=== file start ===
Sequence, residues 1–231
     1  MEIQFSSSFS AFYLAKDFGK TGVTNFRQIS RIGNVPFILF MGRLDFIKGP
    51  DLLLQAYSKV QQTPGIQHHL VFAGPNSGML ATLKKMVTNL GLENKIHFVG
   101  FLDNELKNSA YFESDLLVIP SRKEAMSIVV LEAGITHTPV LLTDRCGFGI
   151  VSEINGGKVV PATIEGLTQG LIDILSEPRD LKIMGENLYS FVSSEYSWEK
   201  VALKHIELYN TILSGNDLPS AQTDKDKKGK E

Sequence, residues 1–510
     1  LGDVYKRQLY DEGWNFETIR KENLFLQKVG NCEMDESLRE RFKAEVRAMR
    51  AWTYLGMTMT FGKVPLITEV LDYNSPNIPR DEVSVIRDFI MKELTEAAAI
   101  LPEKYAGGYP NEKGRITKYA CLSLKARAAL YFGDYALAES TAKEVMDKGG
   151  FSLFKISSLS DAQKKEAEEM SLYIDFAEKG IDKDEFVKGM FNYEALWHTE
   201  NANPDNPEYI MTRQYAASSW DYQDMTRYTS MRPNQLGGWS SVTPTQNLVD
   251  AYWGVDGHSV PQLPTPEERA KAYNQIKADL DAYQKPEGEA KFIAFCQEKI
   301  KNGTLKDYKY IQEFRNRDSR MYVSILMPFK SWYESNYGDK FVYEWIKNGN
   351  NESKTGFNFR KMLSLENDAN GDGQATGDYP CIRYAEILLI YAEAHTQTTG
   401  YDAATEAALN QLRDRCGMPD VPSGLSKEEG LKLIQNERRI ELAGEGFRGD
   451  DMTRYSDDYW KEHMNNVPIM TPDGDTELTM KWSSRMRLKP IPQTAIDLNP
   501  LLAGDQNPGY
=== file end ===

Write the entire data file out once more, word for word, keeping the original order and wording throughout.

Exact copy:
Sequence, residues 1–231
     1  MEIQFSSSFS AFYLAKDFGK TGVTNFRQIS RIGNVPFILF MGRLDFIKGP
    51  DLLLQAYSKV QQTPGIQHHL VFAGPNSGML ATLKKMVTNL GLENKIHFVG
   101  FLDNELKNSA YFESDLLVIP SRKEAMSIVV LEAGITHTPV LLTDRCGFGI
   151  VSEINGGKVV PATIEGLTQG LIDILSEPRD LKIMGENLYS FVSSEYSWEK
   201  VALKHIELYN TILSGNDLPS AQTDKDKKGK E

Sequence, residues 1–510
     1  LGDVYKRQLY DEGWNFETIR KENLFLQKVG NCEMDESLRE RFKAEVRAMR
    51  AWTYLGMTMT FGKVPLITEV LDYNSPNIPR DEVSVIRDFI MKELTEAAAI
   101  LPEKYAGGYP NEKGRITKYA CLSLKARAAL YFGDYALAES TAKEVMDKGG
   151  FSLFKISSLS DAQKKEAEEM SLYIDFAEKG IDKDEFVKGM FNYEALWHTE
   201  NANPDNPEYI MTRQYAASSW DYQDMTRYTS MRPNQLGGWS SVTPTQNLVD
   251  AYWGVDGHSV PQLPTPEERA KAYNQIKADL DAYQKPEGEA KFIAFCQEKI
   301  KNGTLKDYKY IQEFRNRDSR MYVSILMPFK SWYESNYGDK FVYEWIKNGN
   351  NESKTGFNFR KMLSLENDAN GDGQATGDYP CIRYAEILLI YAEAHTQTTG
   401  YDAATEAALN QLRDRCGMPD VPSGLSKEEG LKLIQNERRI ELAGEGFRGD
   451  DMTRYSDDYW KEHMNNVPIM TPDGDTELTM KWSSRMRLKP IPQTAIDLNP
   501  LLAGDQNPGY